Beautifully engraved RARE Specimen Depository Share Certificate from the Bear Stearns Companies Inc.
dated 1998. This historic document was printed by the American Banknote Company and has an ornate border around it with a vignette of an allegorical woman next to two globes.
May 30, 2008
Bear Stearns shareholders have approved JPMorgan Chase's buyout, ending the saga of the 85-year-old pillar of Wall Street that crumbled under the weight of its own wagers on high-risk mortgages.
Bear Stearns officially becomes part of JPMorgan Chase today, after a widely anticipated "yes" vote that won with 84 percent of the vote Thursday morning at Bear Stearns' midtown Manhattan headquarters.
The deal was worth about $2.3 billion. JPMorgan is spending $1.4 billion for the firm itself, and spent an additional $900 million over the past month-and-a-half buying up Bear Stearns stock to guarantee the deal would go through.
March 16, 2008
JPMorgan Says It Will Buy Ailing Bear Stearns for only $2 a Share (later raised to $10/Share). JPMorgan's acquisition of Bear Stearns represents roughly 1 percent of what the investment bank was worth just 16 days ago. It marked a 93.3 percent discount to Bear Stearns' market capitalization as of Friday, and roughly a 98.8 percent discount to its book value as of Feb. 29.
Alan C. Greenberg was Chairman of the Executive Committee of The Bear Stearns Companies Inc. He served as Chairman of the Board of Bear Stearns from 1985 to 2001, and as its CEO from 1978 to 1993. Greenberg served also as a director of Bear Stearns and a non-executive director of Viacom. He is also expert bridge player having won Reisinger Board-a-Match Teams in 1977.
The Bear Stearns Companies, Inc. (NYSE: BSC) is the parent company of Bear, Stearns & Co. Inc., one of the largest global investment banks and securities trading and brokerage firms in the world. The main business areas, based on 2006 net revenue contribution are: capital markets (equities, fixed income, investment banking; just under 80%), wealth management (under 10%) and global clearing services (12%).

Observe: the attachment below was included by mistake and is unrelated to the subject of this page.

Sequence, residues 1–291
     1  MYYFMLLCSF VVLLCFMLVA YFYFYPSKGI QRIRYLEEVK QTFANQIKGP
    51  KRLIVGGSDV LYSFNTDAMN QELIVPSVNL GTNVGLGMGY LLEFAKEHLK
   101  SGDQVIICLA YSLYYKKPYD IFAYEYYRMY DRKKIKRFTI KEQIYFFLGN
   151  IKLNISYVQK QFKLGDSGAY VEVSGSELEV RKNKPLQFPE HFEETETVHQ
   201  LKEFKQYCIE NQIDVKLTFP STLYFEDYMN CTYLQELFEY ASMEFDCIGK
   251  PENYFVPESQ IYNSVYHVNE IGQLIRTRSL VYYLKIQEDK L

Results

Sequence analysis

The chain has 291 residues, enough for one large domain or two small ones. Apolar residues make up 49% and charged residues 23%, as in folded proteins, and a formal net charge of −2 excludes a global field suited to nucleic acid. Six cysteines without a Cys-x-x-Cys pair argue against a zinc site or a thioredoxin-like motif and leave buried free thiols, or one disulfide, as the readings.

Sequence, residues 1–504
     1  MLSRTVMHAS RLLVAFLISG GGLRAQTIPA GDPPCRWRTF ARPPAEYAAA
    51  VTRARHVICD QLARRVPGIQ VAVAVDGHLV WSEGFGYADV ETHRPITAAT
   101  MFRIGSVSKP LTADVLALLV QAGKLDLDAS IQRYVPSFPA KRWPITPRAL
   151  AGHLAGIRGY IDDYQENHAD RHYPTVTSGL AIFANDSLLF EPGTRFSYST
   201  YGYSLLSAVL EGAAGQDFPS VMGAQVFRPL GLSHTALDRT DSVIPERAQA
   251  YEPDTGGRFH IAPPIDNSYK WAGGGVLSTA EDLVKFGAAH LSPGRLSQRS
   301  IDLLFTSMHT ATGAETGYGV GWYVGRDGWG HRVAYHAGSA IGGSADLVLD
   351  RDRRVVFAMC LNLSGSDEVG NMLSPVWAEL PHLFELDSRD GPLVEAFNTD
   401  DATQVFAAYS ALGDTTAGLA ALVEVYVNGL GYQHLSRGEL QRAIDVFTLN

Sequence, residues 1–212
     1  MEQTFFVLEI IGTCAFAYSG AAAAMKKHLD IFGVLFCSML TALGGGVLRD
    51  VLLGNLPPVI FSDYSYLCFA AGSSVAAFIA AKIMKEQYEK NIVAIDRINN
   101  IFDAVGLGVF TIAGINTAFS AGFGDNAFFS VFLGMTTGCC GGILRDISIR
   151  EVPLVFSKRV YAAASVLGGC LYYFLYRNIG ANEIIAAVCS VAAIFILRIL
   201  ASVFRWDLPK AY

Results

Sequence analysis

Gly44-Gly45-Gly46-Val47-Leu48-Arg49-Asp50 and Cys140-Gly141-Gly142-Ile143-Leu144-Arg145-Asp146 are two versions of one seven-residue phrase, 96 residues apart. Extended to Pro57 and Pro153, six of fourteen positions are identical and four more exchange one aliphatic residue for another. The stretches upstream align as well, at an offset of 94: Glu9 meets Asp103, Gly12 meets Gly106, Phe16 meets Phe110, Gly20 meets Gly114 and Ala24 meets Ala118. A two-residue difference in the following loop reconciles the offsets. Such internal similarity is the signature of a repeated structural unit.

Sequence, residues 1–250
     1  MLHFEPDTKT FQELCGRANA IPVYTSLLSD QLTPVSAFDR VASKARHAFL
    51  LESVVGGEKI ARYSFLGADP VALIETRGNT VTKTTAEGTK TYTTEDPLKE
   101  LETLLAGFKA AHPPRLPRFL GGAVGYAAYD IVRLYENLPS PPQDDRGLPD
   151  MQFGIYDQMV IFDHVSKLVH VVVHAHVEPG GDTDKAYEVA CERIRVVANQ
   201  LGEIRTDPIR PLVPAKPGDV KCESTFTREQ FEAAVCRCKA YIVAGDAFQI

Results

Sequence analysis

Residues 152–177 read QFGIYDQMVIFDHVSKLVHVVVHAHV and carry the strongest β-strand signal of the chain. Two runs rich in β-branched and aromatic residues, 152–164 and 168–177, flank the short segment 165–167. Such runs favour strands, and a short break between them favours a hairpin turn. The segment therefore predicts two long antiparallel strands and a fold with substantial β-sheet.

The company was founded in 1923 and serves corporations, institutions, governments and individuals. The company's business includes corporate finance, mergers and acquisitions, institutional equities and fixed income sales, trading and research, private client services, derivatives, foreign exchange and futures sales and trading, asset management and custody services. Through Bear Stearns Securities Corp., it offers global clearing services to broker dealers, prime broker clients and other professional traders, including securities lending. Bear Stearns is also known for one of the most widely read market intelligence pieces on the street, known as the "Early Look at the Market - Bear Stearns Morning View."
Bear Stearns' World Headquarters is located at 383 Madison Avenue, between E. 46th Street and E. 47th Street in Manhattan. The company currently employs more than 15,500 people worldwide. The firm is headquartered in New York City with offices in Atlanta, Boston, Chicago, Dallas, Denver, Houston, Los Angeles, Irvine, San Francisco, San Juan, Whippany, NJ and St. Louis. Internationally the firm has offices in London, Beijing, Dublin, Hong Kong, Lugano, Milan, São Paulo, Shanghai, Singapore, and Tokyo.
In 2005-2007, Bear Stearns was recognized as the "Most Admired" securities firm in Fortune’s "America's Most Admired Companies" survey, and second overall in the security firm section. The annual survey is a prestigious ranking of employee talent, quality of management and business innovation. This marks the second time in the past three years that Bear Stearns has achieved this top distinction. However, by August, 2007, shares in the firm reached a one year low as a result of Bear Stearns symbolizing troubles emanating from the U.S. subprime mortgage market.
Bear Stearns also conducts business through other wholly owned subsidiaries, including Bear Stearns Global Lending Limited, Custodial Trust Company, Bear Stearns International Limited, Bear Stearns Bank, Bear Stearns Financial Products Inc., Bear Stearns Capital Markets Inc., EMC Mortgage Corporation, Encore Credit a division of BSRM, Bear Stearns Mortgage Capital Corporation, Bear Wagner, Bear Stearns Credit Products Inc., Bear Energy LP, Bear Stearns Forex Inc., Bear Stearns Asset Management Inc and Rooftop Mortgages. Bear Stearns also holds an 80% interest in Bear Measurisk.